Red Army Choir among 92 dead in crash of Rus­sian mil­i­tary plane

China Daily (Hong Kong) - - FRONT PAGE - By AGEN­CIES in Moscow

Rus­sian Pres­i­dent Vladimir Putin said that Rus­sia will ob­serve a na­tional day of mourn­ing on Mon­day af­ter a mil­i­tary plane with 92 on­board crashed in the Black Sea on Sun­day with no sign of sur­vivors.

“To­mor­row Rus­sia will de­clare a na­tional day of mourn­ing,” Putin said on state tele­vi­sion.

The Rus­sian De­fense Min­istry said one of its TU-154 Tupolev planes had dis­ap­peared from radar screens at 5:25 am, two min­utes af­ter tak­ing off from Adler in south­ern Rus­sia, where it had stopped to re­fuel from Moscow, on its way to Syria.

Ma­jor Gen­eral Igor Konashenkov, a min­istry spokesman, told re­porters that no­body had sur­vived.

“The area of the crash site has been es­tab­lished. No sur­vivors have been spot­ted,” he said.

An un­named min­istry source told Rus­sian news agen­cies no life rafts had been found, while an­other source told the In­ter­fax agency that the plane had not sent an SOS sig­nal.

The jet, built in 1983, had been car­ry­ing 84 pas­sen­gers and eight crew mem­bers.

At least 60 were mem­bers of the Alexan­drov En­sem­ble, bet­ter known in­ter­na­tion­ally as the Red Army Choir, and were be­ing flown to Rus­sia’s Hmeymim air base in Syria to en­ter­tain troops in the run-up to the new year. Nine Rus­sian re­porters were also on board as well as mil­i­tary ser­vice­men.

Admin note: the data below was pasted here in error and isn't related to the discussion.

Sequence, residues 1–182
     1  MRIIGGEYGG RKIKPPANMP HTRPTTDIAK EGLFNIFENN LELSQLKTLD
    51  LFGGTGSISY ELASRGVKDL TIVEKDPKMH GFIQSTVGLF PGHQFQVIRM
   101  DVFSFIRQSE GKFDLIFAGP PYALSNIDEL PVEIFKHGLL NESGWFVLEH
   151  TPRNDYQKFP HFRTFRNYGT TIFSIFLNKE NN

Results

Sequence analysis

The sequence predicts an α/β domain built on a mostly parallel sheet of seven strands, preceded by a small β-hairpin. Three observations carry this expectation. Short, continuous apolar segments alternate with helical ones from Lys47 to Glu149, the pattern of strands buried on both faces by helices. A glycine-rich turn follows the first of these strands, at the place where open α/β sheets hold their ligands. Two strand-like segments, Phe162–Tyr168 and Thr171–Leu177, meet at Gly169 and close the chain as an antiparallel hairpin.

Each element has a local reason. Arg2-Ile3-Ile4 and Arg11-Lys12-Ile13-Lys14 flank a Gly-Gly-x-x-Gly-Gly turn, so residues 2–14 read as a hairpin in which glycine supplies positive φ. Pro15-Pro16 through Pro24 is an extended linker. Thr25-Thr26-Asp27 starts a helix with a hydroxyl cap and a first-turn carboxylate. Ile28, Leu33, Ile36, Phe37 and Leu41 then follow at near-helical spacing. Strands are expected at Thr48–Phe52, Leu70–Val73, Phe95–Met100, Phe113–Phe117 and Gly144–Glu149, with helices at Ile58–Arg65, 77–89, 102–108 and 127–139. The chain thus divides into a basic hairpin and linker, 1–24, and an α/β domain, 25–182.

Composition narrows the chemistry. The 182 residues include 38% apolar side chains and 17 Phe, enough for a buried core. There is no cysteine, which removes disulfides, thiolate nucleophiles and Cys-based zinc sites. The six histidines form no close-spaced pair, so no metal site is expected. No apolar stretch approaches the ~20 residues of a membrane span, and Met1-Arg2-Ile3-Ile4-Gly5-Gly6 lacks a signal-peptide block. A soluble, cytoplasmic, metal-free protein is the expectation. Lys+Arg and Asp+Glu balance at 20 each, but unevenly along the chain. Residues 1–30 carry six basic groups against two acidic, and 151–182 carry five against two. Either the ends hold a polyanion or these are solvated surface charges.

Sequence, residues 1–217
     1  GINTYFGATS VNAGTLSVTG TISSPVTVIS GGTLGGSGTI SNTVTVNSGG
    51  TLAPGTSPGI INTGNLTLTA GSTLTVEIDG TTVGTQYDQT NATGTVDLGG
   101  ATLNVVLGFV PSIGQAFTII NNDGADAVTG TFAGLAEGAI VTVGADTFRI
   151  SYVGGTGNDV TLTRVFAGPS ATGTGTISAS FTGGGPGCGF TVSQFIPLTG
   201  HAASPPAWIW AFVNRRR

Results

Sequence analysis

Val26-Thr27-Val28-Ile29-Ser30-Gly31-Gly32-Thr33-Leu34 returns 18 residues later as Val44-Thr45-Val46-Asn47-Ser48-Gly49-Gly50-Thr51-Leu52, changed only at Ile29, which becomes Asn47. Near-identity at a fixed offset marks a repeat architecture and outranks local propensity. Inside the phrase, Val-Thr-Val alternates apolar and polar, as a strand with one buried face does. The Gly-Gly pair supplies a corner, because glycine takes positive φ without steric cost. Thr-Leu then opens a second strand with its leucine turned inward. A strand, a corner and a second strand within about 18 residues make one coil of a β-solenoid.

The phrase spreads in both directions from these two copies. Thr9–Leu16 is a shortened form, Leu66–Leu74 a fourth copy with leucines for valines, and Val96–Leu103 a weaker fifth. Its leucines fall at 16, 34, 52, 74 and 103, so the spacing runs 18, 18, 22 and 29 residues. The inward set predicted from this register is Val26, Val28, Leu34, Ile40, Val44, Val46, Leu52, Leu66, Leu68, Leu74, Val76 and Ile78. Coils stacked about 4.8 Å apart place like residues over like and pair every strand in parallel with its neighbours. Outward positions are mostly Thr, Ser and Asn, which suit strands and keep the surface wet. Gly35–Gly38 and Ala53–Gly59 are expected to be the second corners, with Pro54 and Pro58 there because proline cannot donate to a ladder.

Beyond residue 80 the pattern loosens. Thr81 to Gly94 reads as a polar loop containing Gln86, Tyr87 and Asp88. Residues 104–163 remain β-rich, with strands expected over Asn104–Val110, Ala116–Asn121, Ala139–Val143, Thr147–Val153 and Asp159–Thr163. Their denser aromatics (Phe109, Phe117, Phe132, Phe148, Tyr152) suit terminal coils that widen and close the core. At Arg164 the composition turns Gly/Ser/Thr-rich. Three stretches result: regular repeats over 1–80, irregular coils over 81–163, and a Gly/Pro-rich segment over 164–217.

Konashenkov said frag­ments of the plane had been found at a depth of about 70 me­ters in the Black Sea about 1.5 kilo­me­ters off the coast near the city of Sochi.

“The search op­er­a­tion is con­tin­u­ing,” said Konashenkov. “Four ships, four he­li­copters and a plane and a drone are work­ing in the area,” he said, adding that a mil­i­tary com­mis­sion had flown to Sochi to in­ves­ti­gate.

Konashenkov said four bod­ies had been re­cov­ered from the sea. Rus­sian news agen­cies cited a higher fig­ure.

Rus­sia’s RIA news agency, cit­ing an uniden­ti­fied se­cu­rity source, said pre­lim­i­nary in­for­ma­tion in­di­cated that the plane had crashed be­cause of a tech­ni­cal mal­func­tion or pilot er­ror. An­other source told Rus­sian agen­cies that the pos­si­bil­ity of a mil­i­tant act had been ruled out. The weather had been good.

Konashenkov said the plane had last been ser­viced in Septem­ber and un­der­gone more ma­jor re­pairs in De­cem­ber 2014. He said the pilot was ex­pe­ri­enced and that the plane had about 7,000 fly­ing hours on its clock.

Krem­lin spokesman Dmitry Peskov told re­porters it was too early to say what had caused the crash. Rus­sian mil­i­tary in­ves­ti­ga­tors said they had opened a crim­i­nal in­ves­ti­ga­tion.

The last big TU-154 crash was in 2010, when a Pol­ish jet car­ry­ing Poland’s then-pres­i­dent Lech Kaczyn­ski and much of Poland’s po­lit­i­cal elite crashed in west­ern Rus­sia, killing ev­ery­one on board.

On Dec 19, a Rus­sian mil­i­tary jet crashed in Siberia with 39 peo­ple on board as it tried to make an emer­gency land­ing near a Soviet-era mil­i­tary base. No­body was killed, though 32 peo­ple were flown to hos­pi­tals.


Peo­ple lay flow­ers out­side Red Army Choir head­quar­ters in Moscow on Sun­day af­ter a Rus­sian TU-154 plane crashed.

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